Herbal teas are delicious, have lots of benefits and are easily grown at home
Growing herbs in your garden is a really satisfying process and at the end, you have delicious fragrant herbs to use in your kitchen. I’ve written previously about growing herbs on your windowsill for use in cooking, but lots of garden herbs lend themselves brilliantly to a refreshing cup of tea, too. Herbal teas are largely caffeine-free, and lots of them have health benefits too – from calming chamomile to invigorating lemon verbena. They don’t take much space to grow – you’ll just need a small tub or container with good drainage, some good compost and your plants – and they should come back year after year. Just remember to wash your leaves thoroughly before making your brew if they’ve been grown outside.
Here, I’ll share my top herbal teas to grow in your garden for use in brewing up! Time and experience will show you how strong you like certain teas, and how much of each herb to use in your pot or tea strainer. There will likely be plenty you will have heard of, but I’ve included some more unusual choices too so you can really get creative.
Growing mint for tea
Peppermint oil is well known to have soothing properties for the stomach, so peppermint tea makes a brilliant after-dinner digestive. Black Mitcham peppermint is a great variety to try as it’s quite hardy, and doesn’t have a strong or bitter taste. There are also lots of other types of mint to grow, including Moroccan mint which is perfect for brewing Moroccan-style mint tea, delicious with a spot of honey. Don’t forget, fresh mint can also be used in a punchy mojito or alcohol-free equivalent.
Make sure to keep your mint plant well-watered and pick leaves regularly to encourage new growth. Mint is a very vigorous plant, so is best grown in a pot to keep it under control! It may take over your herb garden if planted with other species, so giving it its own container is a good idea.
Growing chamomile for tea
Chamomile tea is a popular night time tea, because of its soothing properties and gently sweet taste. Chamomile is very easy to grow, with its fragrant feathery leaves and pretty daisy-like flowers, which are used to make the tea. Plant your chamomile in well-drained soil, water regularly and place the pot in a place that receives plenty of sunlight. Make sure to trim regularly so it doesn’t become leggy.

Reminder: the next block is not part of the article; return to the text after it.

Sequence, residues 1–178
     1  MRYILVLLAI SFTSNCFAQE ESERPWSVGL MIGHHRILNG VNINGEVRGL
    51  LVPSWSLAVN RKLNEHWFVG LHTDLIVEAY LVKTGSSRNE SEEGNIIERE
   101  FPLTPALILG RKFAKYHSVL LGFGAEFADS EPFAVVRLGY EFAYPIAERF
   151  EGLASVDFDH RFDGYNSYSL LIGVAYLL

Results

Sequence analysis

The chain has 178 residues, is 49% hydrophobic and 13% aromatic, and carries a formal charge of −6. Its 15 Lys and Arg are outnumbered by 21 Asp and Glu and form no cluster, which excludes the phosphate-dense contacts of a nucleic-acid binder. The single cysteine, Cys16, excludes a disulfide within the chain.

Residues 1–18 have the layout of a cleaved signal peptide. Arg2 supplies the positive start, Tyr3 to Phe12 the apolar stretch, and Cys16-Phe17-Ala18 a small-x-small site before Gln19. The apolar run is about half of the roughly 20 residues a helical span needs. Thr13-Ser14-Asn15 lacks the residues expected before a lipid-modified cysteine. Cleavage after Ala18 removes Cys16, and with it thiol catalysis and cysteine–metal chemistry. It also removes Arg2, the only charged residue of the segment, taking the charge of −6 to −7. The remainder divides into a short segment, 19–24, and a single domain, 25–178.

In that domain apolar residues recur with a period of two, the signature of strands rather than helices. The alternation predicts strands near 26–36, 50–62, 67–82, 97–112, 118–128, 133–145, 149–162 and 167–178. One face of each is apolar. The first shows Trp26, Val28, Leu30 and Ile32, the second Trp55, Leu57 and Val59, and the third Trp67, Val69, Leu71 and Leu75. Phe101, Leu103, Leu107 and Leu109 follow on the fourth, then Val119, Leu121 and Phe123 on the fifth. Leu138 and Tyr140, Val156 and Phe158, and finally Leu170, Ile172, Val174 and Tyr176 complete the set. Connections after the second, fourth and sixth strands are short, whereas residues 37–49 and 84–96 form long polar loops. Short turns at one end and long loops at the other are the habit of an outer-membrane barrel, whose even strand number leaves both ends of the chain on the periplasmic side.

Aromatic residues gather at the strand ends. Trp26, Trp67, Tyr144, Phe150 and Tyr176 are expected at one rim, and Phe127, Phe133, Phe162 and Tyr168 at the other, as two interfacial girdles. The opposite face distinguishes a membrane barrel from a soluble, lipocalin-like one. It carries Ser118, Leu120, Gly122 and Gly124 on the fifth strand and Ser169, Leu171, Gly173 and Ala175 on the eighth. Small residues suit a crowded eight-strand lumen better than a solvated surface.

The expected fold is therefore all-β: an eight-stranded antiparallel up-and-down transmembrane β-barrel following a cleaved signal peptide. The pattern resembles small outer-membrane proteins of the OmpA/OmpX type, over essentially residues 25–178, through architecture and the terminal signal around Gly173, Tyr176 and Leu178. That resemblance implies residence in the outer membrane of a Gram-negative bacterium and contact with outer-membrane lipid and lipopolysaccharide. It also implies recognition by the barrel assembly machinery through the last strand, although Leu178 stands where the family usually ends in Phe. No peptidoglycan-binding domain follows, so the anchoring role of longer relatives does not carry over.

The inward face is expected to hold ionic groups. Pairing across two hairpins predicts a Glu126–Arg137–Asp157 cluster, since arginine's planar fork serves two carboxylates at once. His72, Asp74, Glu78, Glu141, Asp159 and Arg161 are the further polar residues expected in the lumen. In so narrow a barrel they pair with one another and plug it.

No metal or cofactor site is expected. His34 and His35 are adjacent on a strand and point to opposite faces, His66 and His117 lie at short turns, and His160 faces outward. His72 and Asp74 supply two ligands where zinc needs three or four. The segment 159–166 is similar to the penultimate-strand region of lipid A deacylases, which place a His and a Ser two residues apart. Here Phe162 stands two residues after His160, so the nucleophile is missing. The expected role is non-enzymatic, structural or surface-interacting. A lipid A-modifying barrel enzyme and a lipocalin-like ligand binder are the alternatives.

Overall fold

You can pick the flowers and dry them to keep in a jar for year-round tea, but the fresh flowers are equally delicious – you’ll need about a handful of fresh flowers for a cup of tea, and a sprig of mint can be added as well. Then, look forward to a relaxing night’s sleep!
Growing lemon verbena for tea
Lemon verbena is a beautifully strong citrus-scented shrubby herb, but it is a little more tender than peppermint and chamomile so must be moved into a cool, non-freezing place over winter so the roots don’t freeze. This is another plant that has traditionally been used to treat muscle spasms, and can be beneficial for gut health because of this.
Use the slender, pointed leaves fresh with hot water for a refreshing and uplifting brew, and make sure to trim it regularly, drying the trimmings you don’t use and storing in an airtight container for use throughout the winter months. Lemon verbena prefers full sun, and must be kept well-watered but not become soggy.
Growing pineapple sage for tea
Pineapple sage releases an attractive fruity scent when the leaves are crushed, and this is a slightly more unusual addition to your tea herb garden. It’s native to Mexico and Central America, so in colder areas may just be grown as an annual, but because of its vigorous growth you should still get your money’s worth as long as it is kept well watered. It will grow tall and spread out, and has impressive poker-like red flowers that put on quite a display.
Just pick the fresh leaves and brew to taste with hot water.
I hope this has given you some brew-tiful inspiration for getting creative with the herbs you grow in your plot this summer! Remember, all of these herbal teas are just as delicious cold – just allow your pot to cool, and place into a container in the fridge where slices of lemon and other herbs can be added for a refreshing iced tea.